Operatic train wreck in San Francisco, hopes crushed for 3000 opera-goers, impresario’s grand scheme derailed.
At this famous bastion of intellect the biggest drama was the parking. Though the football stadium may have been stuffed, Zellerbach Hall was not.
Forget Herman Melville, forget struggling with deep human complexities. At least those that possessed nineteenth century Americans.
Give me good verses, I’ll give you good music, said Bellini to his librettist Felice Romani. Give me a good director and I’ll give you good opera surely thought San Francisco Opera general director David Gockley.
Four Rigolettos in nine days (for this critic), of twelve Rigolettos in 24 days (are these world records?).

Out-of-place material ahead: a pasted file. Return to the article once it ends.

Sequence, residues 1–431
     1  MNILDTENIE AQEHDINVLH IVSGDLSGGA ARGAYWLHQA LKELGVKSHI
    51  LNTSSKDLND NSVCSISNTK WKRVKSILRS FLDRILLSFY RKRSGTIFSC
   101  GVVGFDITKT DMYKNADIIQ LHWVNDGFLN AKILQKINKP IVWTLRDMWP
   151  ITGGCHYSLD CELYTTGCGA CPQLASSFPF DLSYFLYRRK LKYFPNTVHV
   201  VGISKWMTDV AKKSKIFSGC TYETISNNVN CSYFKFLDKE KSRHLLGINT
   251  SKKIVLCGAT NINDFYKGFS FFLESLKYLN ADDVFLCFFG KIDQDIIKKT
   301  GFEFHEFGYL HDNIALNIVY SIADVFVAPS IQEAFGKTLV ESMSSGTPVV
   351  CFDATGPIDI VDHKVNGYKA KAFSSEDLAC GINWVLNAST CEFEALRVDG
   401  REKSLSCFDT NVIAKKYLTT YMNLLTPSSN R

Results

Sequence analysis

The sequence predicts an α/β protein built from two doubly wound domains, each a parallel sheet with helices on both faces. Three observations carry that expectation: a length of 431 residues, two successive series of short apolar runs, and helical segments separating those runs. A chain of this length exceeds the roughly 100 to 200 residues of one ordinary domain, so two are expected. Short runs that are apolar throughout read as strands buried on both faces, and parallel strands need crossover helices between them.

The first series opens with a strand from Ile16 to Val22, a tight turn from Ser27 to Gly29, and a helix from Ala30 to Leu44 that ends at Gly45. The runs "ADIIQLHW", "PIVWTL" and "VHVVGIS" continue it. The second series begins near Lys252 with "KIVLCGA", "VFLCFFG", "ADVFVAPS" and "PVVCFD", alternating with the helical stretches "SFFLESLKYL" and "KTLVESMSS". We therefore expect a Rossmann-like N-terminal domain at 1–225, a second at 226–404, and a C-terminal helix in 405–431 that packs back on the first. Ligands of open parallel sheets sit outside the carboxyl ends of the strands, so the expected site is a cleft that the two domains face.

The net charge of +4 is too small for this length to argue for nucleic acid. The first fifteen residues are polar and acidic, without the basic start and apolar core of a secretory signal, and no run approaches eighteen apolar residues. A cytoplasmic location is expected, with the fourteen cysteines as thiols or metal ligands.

Ciro in Babilonia Matilda di Shaban and Il signor Bruschino in Rossini land.
Rare, very rare repertory that is not even opera stole the show at the sixty fourth Aix Festival.
You pay your money, you takes your chances — that is festival life at its best. Sometimes it pays off and sometimes it doesn’t. The fun is in the risk, so the riskier the better.
Perfection. A seldom used term in critiques of opera performances. There it was, almost (and will be, maybe).
Bad news travels fast. Though you are about to read another version of how American diva RenÈe Fleming failed to bring Lucrezia Borgia alive, let us begin by discussing a few other things you already know.